New rules announced in Budget 2013 discourage participators in close companies from taking loans from their own companies, previously legislated under s.419 ICTA 1988, currently s.455 CTA 2010.
The basis of s.455 CTA 2010 is that, where a close company makes a loan to a participator (or associate of a participator) then it is required to pay to HMRC a tax equal to 25% of the value of the loan. The tax is due for payment 9 months and 1 day after the end of the accounting period in which the loan was made. However, if the participator repays the loan before that date, then the requirement to account for the ‘s.455 tax’ is cancelled, by virtue of s.458 CTA 2010. Where the loan is repaid after that date then HMRC repay the ‘s.455 tax’ 9 months and 1 day after the end of the accounting period in which the loan is repaid.
This brings us to one of the measures brought in by budget 2013. With effect from budget day (20th March 2013) ‘bed and breakfasting’ is no longer possible. ‘Bed and breakfasting’ is a commonly used loophole where the loan is repaid to the company before the day 9 months and one day after the year end to prevent the ‘s.455 tax’ charge becoming due, then soon after the trigger date has passed, the participator re-loans the money from the company. Or indeed, where loans are repaid after the ‘s.455 tax’ has been paid to HMRC, but again the participator soon afterwards re-loans the money from the company and reclaims the ‘s.455 tax’ from HMRC.
HMRC have long tried to challenge these cases. Their manual instructs inspectors to “obtain as much factual evidence of the transactions and the accompanying arrangements as possible” where they think they have found a case of ‘bed and breakfasting’ for referral to the Corporation Tax International and Anti-Avoidance technical team.
However, the new rules now give HMRC a statutory basis to deny relief in circumstances where s.455 tax has been paid if, within a 30 day period, repayments of more than £5,000 are paid to the close company in respect of amounts which have given rise to a charge which are then redrawn either via a loan, advance or ‘extraction of value’ – something else new to watch out for!
In addition, where the 30 day rule does not apply, relief will also be denied if there are amounts outstanding of at least £15,000 and, at the time of the repayment, there are arrangements or there is an intention to redraw an amount again through a loan, advance or an extraction of value.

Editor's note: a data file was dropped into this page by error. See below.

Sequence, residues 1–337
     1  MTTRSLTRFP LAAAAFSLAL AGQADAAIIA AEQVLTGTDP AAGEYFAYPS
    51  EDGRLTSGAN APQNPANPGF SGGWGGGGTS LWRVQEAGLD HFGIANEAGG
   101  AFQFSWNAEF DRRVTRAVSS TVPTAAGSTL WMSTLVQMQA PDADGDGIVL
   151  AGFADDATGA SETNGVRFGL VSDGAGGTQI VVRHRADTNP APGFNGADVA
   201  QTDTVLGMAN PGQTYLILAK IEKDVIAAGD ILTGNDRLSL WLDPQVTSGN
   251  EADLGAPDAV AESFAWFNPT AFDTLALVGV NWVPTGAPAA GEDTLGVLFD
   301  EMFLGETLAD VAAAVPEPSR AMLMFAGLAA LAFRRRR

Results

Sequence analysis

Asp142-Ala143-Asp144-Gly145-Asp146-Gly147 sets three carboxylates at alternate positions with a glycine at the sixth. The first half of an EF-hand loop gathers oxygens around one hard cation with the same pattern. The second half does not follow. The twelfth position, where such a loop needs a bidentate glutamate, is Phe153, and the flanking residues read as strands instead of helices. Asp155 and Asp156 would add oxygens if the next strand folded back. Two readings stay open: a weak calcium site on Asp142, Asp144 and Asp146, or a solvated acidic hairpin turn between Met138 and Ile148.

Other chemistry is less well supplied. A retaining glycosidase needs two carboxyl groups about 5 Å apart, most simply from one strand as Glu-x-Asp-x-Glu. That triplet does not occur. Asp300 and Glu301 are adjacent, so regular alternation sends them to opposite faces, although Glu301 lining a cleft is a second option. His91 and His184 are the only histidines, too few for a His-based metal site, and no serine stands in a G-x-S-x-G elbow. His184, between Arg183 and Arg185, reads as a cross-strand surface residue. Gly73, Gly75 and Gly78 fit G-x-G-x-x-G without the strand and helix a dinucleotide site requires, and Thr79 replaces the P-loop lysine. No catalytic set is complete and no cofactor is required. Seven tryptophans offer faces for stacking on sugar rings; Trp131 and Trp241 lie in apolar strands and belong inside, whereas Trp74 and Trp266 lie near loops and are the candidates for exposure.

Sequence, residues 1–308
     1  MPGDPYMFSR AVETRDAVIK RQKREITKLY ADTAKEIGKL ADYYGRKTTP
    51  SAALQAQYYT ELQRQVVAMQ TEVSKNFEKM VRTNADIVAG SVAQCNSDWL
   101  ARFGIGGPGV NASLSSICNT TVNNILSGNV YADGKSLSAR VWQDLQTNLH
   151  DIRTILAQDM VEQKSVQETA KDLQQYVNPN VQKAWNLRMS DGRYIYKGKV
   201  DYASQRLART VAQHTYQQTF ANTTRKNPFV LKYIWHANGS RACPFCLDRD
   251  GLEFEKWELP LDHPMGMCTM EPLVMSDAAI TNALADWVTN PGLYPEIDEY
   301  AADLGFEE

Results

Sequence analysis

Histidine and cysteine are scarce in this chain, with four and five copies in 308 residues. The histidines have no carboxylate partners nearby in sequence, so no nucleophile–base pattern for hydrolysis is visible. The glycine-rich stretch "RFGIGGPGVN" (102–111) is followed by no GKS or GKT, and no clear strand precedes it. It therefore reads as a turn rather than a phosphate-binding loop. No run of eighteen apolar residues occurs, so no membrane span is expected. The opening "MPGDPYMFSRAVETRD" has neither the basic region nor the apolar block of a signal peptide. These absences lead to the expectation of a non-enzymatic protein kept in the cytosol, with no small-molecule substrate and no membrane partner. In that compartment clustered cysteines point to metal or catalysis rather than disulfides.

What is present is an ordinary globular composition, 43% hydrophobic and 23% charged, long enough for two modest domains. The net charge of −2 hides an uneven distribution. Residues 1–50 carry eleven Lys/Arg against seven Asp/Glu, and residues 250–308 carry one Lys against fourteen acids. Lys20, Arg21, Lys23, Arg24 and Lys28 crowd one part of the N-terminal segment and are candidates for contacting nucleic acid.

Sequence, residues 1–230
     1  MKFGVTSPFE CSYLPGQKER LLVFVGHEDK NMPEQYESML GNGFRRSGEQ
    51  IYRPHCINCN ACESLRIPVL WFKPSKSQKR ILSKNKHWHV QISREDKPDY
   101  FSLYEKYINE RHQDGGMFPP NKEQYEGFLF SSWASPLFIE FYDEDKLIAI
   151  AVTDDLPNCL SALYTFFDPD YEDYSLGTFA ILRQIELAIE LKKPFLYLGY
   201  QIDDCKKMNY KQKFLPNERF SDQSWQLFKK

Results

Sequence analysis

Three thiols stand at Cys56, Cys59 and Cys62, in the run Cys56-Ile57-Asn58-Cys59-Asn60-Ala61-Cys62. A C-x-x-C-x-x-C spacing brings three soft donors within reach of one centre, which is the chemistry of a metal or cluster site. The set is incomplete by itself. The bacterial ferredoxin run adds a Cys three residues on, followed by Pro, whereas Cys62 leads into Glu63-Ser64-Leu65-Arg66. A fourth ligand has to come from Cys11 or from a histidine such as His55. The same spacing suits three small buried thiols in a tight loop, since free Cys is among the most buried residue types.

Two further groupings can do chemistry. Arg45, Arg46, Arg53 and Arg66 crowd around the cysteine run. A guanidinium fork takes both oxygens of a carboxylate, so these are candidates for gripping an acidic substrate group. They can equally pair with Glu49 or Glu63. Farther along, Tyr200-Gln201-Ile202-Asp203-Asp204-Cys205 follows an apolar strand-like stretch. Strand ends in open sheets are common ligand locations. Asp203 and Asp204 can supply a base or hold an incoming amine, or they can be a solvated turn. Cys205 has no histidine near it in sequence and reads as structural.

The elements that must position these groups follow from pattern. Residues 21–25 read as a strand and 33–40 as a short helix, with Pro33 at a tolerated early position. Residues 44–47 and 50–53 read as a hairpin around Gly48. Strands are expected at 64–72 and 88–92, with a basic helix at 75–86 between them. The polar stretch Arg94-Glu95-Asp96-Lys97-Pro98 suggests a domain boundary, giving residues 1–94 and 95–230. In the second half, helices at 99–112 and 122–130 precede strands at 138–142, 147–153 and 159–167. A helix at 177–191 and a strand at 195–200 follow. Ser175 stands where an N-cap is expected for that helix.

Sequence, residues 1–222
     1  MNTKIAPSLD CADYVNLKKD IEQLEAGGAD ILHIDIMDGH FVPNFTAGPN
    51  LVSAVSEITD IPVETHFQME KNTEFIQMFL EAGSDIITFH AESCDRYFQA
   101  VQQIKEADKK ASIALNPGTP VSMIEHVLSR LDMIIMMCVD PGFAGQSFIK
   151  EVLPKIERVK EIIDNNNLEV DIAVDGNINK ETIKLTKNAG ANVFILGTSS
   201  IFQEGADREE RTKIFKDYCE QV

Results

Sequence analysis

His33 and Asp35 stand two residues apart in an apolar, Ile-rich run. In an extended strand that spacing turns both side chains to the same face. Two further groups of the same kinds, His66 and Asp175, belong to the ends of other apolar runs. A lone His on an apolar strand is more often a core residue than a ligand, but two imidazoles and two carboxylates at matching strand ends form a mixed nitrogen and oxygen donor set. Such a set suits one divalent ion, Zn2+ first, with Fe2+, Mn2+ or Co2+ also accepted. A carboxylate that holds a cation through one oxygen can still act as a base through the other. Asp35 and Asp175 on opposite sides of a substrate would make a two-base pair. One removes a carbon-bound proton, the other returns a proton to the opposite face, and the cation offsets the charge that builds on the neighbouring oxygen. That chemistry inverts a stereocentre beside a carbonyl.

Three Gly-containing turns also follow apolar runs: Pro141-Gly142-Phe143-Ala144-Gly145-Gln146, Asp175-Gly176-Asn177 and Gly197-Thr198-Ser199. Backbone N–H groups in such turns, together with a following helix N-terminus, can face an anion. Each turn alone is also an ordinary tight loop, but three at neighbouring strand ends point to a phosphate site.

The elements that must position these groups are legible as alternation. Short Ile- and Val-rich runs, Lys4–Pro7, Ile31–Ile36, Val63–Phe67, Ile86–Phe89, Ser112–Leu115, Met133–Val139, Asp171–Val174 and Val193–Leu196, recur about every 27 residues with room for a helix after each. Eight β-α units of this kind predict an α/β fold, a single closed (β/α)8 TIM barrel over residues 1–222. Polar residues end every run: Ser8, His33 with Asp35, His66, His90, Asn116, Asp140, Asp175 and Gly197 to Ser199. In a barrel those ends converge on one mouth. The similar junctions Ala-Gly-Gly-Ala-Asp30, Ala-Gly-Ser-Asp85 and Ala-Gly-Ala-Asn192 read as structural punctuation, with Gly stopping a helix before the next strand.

There has been some discussion amongst tax commentators over whether there is a possibility that ‘s455 tax’ may never be repaid in the circumstances where a participator makes regular withdrawals from their company which are treated as debits to the director’s loan account and then are cleared via a payment of salary or a dividend before the nine-month cut off because there is an intention to continue withdrawing funds in this way in future; a common practice in many owner-managed companies. However our view is that s464C(5) will, in almost all cases, overcome this problem, as it is clear from the draft legislation that the restriction on repayment of ‘s455 tax’ will not apply in relation to a repayment which gives rise to a charge to income tax on the participator (or associate) by reference to whom the loan, advance or benefit was a chargeable payment i.e. where they are charged to income tax on the dividend or salary used to clear the outstanding loan account balance. Without the inclusion of s464C(5) this new legislation could have caused an awful lot of headaches for accountants, tax advisers and owner-managed companies the length and breadth of the UK, so this sensible, well thought through paragraph is really a saving grace in what could have been an extremely burdensome piece of legislation.
Watch out for the references to “extractions of value” in the revised s455 rules. This is an extension of the rules to cover less traditional arrangements where, instead of providing loans the close company seeks to extract and transfer value to a participator in some other way which would have been neither chargeable to tax nor within the s.455 charge before the introduction of this new wording.
Finally, there is a further new rule which puts beyond doubt that fact that loans made via a partnership, LLP or trustees of a settlement are caught by the s.455 tax charge!
For further advice – see your local CIMA qualified accountant.